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Multi-National Tax Dodging: End transnationals' $212 billion tax dodge on poorest countries - by Toby Quantrill

New estimates, from International Monetary Fund researchers, suggest that developing countries lose up to $212 billion a year to multinational tax avoidance alone. The IMF researchers also reckon that corporate tax avoidance is a far worse problem for poor countries than for rich countries, relative to the size of their economies.

That's a sum that could transform the lives of untold numbers of people living in poverty. A recent study published in the medical journal The Lancet demonstrates that when governments in poor countries increase their income from tax it leads directly to greater spending on vital healthcare.

Back in the room of tax campaigners, it was also clear to us that the OECD plan to catch up with multinationals would only tackle some of the symptoms, not the causes of global tax avoidance. Furthermore, we knew the reform process would be influenced by powerful vested interests, including accountancy giants and other multinationals with huge stakes in the status quo.

A group of people representing organizations from across the globe- decided to initiate a second investigation of the same problem, but from a different perspective. We agreed to bring together a group of senior figures with a range of experience and expertise from across the globe, and especially from developing countries.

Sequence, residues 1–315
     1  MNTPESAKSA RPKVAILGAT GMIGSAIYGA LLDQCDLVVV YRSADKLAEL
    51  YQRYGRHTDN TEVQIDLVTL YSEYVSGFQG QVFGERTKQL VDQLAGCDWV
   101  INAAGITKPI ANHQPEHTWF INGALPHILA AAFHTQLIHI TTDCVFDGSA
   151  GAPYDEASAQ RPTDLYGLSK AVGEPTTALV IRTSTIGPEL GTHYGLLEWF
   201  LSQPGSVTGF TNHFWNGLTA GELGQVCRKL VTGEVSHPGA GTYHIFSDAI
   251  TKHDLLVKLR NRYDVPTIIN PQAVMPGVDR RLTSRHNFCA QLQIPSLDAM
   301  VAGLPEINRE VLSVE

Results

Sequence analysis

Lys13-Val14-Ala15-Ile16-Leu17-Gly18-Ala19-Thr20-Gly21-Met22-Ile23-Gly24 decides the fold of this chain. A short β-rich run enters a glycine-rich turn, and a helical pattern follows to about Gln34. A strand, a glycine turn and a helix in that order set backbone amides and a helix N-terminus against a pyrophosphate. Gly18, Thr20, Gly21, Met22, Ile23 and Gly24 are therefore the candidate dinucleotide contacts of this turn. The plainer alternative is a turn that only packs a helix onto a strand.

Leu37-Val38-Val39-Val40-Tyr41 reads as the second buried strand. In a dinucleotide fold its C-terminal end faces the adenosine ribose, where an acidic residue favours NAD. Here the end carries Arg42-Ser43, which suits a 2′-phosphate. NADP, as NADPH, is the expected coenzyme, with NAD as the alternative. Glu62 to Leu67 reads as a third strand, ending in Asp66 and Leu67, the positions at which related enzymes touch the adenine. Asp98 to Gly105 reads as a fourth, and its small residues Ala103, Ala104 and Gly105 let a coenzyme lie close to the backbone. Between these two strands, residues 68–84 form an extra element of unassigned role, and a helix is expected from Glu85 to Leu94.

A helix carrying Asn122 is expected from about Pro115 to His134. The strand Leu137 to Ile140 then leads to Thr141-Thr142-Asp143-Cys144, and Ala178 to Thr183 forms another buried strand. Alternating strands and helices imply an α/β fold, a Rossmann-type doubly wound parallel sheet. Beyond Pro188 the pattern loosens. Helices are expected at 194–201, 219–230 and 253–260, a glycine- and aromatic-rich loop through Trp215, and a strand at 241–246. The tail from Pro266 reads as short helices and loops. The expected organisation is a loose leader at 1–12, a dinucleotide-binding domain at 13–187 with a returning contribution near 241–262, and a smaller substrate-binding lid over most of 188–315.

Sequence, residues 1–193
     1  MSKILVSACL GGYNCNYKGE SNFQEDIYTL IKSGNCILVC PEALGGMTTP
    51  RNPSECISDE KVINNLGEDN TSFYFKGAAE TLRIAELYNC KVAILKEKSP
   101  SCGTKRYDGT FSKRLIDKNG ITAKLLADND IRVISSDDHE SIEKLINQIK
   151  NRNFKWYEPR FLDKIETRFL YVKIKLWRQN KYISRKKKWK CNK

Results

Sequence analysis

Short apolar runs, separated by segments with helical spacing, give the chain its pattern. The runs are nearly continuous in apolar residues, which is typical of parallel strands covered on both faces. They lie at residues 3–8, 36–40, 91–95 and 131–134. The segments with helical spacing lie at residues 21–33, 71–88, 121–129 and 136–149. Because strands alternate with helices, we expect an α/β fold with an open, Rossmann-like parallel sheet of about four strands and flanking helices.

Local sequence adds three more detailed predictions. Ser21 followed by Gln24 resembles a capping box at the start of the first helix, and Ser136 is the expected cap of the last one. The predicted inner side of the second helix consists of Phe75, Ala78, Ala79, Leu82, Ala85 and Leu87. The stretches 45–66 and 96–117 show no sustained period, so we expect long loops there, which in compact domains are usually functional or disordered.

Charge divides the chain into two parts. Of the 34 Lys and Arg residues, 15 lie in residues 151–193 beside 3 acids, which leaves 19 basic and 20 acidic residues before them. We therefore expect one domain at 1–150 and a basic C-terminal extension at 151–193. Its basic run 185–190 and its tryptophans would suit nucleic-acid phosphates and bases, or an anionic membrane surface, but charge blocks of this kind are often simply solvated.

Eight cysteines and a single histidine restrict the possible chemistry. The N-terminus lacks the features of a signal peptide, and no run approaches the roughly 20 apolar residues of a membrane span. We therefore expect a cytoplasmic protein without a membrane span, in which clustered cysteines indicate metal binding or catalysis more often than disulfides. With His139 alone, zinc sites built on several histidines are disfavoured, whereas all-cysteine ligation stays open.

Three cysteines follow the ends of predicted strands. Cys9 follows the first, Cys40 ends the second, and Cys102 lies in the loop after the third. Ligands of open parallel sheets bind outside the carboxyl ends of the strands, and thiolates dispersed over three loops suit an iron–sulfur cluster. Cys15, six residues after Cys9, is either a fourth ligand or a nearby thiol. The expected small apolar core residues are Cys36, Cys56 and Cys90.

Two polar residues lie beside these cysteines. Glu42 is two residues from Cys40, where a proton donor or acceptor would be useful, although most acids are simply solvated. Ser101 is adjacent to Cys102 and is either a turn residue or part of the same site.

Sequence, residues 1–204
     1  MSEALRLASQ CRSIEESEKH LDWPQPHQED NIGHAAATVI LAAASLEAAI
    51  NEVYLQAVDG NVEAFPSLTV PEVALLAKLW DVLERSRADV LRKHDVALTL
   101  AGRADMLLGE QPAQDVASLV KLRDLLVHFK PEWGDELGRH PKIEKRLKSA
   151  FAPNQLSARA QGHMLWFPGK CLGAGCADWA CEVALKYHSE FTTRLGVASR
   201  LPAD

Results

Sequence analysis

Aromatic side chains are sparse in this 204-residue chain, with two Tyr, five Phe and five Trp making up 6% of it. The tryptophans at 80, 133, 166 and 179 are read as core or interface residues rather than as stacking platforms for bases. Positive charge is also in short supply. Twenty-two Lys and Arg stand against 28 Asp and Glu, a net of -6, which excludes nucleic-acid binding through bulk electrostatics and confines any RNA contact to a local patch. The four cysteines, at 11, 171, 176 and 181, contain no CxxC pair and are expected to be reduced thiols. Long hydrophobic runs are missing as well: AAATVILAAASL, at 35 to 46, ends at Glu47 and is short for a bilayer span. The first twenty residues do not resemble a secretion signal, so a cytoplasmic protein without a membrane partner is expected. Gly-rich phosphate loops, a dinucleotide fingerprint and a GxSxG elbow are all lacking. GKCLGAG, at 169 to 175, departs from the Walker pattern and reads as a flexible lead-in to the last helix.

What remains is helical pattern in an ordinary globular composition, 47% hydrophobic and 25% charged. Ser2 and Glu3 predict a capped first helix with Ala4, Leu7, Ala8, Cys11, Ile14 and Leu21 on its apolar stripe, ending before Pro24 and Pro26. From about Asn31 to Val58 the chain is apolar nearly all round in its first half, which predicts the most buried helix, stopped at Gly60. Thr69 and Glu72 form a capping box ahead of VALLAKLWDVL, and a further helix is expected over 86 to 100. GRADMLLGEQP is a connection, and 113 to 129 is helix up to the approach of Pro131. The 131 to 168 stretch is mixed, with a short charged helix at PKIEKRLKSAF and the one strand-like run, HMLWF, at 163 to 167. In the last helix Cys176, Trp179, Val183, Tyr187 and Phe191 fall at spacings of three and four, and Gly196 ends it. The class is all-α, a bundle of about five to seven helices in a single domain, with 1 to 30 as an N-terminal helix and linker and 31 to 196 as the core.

This became the Independent Commission on the Reform of International Corporate Taxation and we asked the commissioners to consider reforms of the global tax system, from the perspective of the global public interest rather than national advantage.

The Commissioners' brief was to ask the simple questions that get to the heart of how the system 'works' and to suggest fair, effective and sustainable changes to help solve the core problems.
This week the Commission launched its landmark report at an economics event in Trento, Italy, just ahead of the G7 summit in Bavaria. The document, while only 11 pages long, delivers a devastating critique of the tax system and demands sweeping changes to the existing international rules and governing institutions.

"Tax abuse by multinational corporations increases the tax burden on other taxpayers, violates the corporations' civic obligations, robs developed and developing countries of critical resources to fight poverty and fund public services, exacerbates income inequality, and increases developing country reliance on foreign assistance", it argues.

"Every individual and country is affected by corporate tax abuse, and therefore the debate over multinational corporate tax avoidance should be widened and made more accessible to the public."

Despite the painfully evident problems caused by the fiction that multinationals' subsidiaries are independent of each another, it remains an undisputed assumption at the heart of the global tax system and acts as a block to any truly effective reform.

The OECD meanwhile is already starting to claim that its tax reform project is working. But as a number of reports and analyses are showing, its work so far will have a limited impact in richer countries and simply not deal with the fundamental problem for poor countries.

Read more: End transnationals' $212 billion tax dodge on poorest countries - The Ecologist

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